The 2014 Atlanta Braves Country Caravan stopped in Aiken Monday, where team executives, broadcasters and alumni met with hundreds and hundreds of fans and signed autographs at Academy Sports + Outdoors.


Among those on hand were executive vice president and general manager Frank Wren, former Braves outfielders Marquis Grissom and Brian Jordan, as well as broadcaster Don Sutton – a Hall of Fame pitcher. They’re part of a group representing the team that will travel more than 3,000 miles to meet and greet fans prior to heading south for Spring Training in Orlando, Fla. Wren was very optimistic about the group he’ll bring south in anticipation of the 2014 season.


“We like our club a lot. We were one of the youngest teams in baseball last year and we won the second-most games in baseball, winning 96 games. We feel like we have a young, dynamic club that’s on the rise,” said Wren, who didn’t seem disturbed about a relatively quiet offseason, where the biggest moves have been the loss of veteran Tim Hudson and Brian McCann in free agency. “Starting pitching wise, we have five good young guys. We may be the only team in baseball that starts the season with five guys out of our own system in our rotation. (Kris) Medlen, (Mike) Minor, (Julio) Teheran and (Brandon) Beachy and the likelihood that a young guy like Alex Wood can make that rotation. (We’ve also got) other young guys like David Hale and as we get into the season a little bit, I think Gavin Floyd will join our rotation as soon as he gets stretched out for the second half of the season.”


Wren, who said he doesn’t expect to make any more moves prior to the start of Spring Training, was also high on his options behind home plate. He’s glad to have veteran backup Gerald Laird returning and talked about the depth and versatility newly-acquired Ryan Doumit will provide. And without putting a date on it, Wren sounded like he expected highly-touted prospect Christian Bethancourt to make his way to the big leagues soon. Bethancourt’s a top-100 prospect and Wren raved about his defensive ability.


But he made it clear that Evan Gattis, last season’s rookie phenom, is the player who will catch the majority of games for the Braves. He’ll be the player tasked with taking over for McCann, a seven-time all-star and five-time silver slugger award winner.


“It’s going to give Evan Gattis a chance to play more and show the power that he has. … I think he did a heck of a job and I think we actually saw him really grow up in the playoffs. He had some of the best at-bats in the postseason for us,” Wren said. “He caught and called some of the best games we had called all year. We’re encouraged by what he’s shown us back there.”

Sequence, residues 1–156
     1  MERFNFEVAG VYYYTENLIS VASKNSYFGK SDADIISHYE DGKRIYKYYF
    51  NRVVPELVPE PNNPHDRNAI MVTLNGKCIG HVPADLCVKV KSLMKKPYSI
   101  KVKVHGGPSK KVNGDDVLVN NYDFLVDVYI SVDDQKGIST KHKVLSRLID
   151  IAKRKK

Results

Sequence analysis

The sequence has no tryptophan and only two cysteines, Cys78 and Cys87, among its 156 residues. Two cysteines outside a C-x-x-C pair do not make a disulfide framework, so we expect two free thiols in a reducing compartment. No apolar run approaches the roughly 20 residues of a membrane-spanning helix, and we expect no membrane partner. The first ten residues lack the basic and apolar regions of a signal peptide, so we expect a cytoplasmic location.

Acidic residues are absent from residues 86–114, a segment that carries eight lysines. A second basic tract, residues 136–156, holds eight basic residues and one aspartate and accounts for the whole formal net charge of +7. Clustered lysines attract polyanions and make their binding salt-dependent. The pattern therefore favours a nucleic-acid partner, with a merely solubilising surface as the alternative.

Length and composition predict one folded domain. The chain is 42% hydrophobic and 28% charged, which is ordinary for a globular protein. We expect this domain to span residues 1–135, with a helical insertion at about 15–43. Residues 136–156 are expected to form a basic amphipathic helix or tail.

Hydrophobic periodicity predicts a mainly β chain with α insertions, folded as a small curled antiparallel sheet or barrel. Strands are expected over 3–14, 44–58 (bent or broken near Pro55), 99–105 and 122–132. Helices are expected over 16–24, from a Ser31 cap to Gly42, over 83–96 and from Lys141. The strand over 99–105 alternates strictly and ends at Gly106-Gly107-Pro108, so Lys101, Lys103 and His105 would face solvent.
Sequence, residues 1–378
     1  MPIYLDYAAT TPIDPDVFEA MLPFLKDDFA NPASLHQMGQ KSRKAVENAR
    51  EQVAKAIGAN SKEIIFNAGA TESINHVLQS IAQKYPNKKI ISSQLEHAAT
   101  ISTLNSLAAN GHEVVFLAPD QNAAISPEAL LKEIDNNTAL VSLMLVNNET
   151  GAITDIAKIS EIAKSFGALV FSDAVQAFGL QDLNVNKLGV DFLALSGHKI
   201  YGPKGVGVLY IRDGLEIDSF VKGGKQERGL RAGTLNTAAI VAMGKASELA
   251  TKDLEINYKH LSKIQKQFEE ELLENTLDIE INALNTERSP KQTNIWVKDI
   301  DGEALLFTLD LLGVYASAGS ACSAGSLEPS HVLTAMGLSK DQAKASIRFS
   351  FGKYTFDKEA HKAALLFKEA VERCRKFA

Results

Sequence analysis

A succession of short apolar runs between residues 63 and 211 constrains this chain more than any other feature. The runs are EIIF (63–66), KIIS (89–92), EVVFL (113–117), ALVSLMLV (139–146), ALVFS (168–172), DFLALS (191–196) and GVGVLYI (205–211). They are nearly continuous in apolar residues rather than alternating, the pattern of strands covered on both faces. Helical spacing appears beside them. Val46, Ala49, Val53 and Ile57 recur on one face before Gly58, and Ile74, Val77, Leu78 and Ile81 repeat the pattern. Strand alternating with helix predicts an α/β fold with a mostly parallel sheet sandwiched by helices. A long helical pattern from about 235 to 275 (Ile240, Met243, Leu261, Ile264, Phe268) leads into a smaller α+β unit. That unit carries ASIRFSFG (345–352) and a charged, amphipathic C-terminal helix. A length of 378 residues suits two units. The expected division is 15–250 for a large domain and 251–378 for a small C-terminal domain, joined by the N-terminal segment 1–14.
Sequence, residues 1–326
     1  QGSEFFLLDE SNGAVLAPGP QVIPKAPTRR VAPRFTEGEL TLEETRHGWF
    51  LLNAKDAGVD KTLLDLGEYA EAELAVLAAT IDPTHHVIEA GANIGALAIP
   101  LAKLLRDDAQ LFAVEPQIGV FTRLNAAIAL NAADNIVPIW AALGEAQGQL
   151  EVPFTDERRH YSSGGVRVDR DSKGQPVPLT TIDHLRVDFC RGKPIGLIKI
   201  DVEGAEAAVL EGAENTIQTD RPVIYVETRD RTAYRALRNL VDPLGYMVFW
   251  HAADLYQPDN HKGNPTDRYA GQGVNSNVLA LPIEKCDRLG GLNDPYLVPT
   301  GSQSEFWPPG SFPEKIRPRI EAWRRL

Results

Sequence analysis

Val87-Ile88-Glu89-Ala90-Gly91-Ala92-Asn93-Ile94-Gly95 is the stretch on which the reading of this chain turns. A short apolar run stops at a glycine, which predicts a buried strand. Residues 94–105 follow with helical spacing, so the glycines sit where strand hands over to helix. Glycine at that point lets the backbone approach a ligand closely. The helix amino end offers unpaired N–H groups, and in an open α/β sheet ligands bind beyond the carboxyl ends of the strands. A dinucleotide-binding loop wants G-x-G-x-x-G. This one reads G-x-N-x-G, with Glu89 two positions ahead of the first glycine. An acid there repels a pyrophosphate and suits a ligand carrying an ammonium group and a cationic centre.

While Wren was focused on Atlanta’s present and future, Sutton reflected on the large contingent of former Braves that will be enshrined in Baseball’s Hall of Fame this summer. The group that will achieve baseball immortality in Cooperstown includes pitchers Greg Maddux and Tom Glavine as well as their longtime manager Bobby Cox.


“It’s going to be Braves North,” said Sutton, who was elected in 1998. “When you’re called to go to the Hall of Fame (life) changes at that moment. I think for (Maddux and Glavine), they knew it was coming. But your life does change, people view you differently. I’m happy for Bobby too. This is as good of a class as I’ve seen in years. When you look at the managers (including Joe Torre and Tony LaRussa) going in and the players (including Frank Thomas) going in, baseball is well represented.”


Sutton, who’s paid to offer his opinions on Braves broadcasts wasn’t shy sharing his feelings about the Hall of Fame, saying:


• He thought it made the right call about removing a logo from the plaques of Maddux and LaRussa, who enjoyed tremendous success with more than one organization during their careers.


• He had issues with the baseball writers who used their Hall of Fame ballots as political statements, preventing Craig Biggio from being elected, as he was two votes shy.


• He felt bad for players who weren’t elected to the Hall because of suspicion of performance-enhancing drug use without any real evidence, while being quick to add there’s no room in Cooperstown for players who did cheat.


“I feel badly for (Mike Piazza and Jeff Bagwell), what they did has been tainted. They’ve been hit with fallout,” Sutton said. “I don’t feel badly for any of the other big names. Some of the players not going in have been some of the best con artists we’ve ever know and I think some of them have become very accomplished liars. … But if there was the implication of being tainted with cheating substances, I don’t feel badly for them. If you poll the existing Hall of Famers, I don’t know a single one who wants anybody from that genre in.”


While Sutton was protective of his membership in the Hall, he was equally proud to be a part of the Braves Country Caravan. He said it gave him a chance to meet the fans he has the privilege of broadcasting for during the season. He said it was also special because he could reflect to his own youth, when he would’ve jumped at the chance to meet members of a big league team.


“I love it. I’m a southern kid, I grew up in the South,” Sutton said. “I would have loved to have been able to visit with a team in the South.”


Wren was also appreciative of the opportunity to get up close and personal with Braves fans.


“This is our opportunity in the wintertime to see our fans where they live. All summer long they come to Atlanta to see us,” Wren said. “This gives us a chance to reach out to our fans and get out in the community.”


Noah Feit is the sports editor for the Aiken Standard and has been a professional journalist for more than 14 years after graduating from Syracuse University.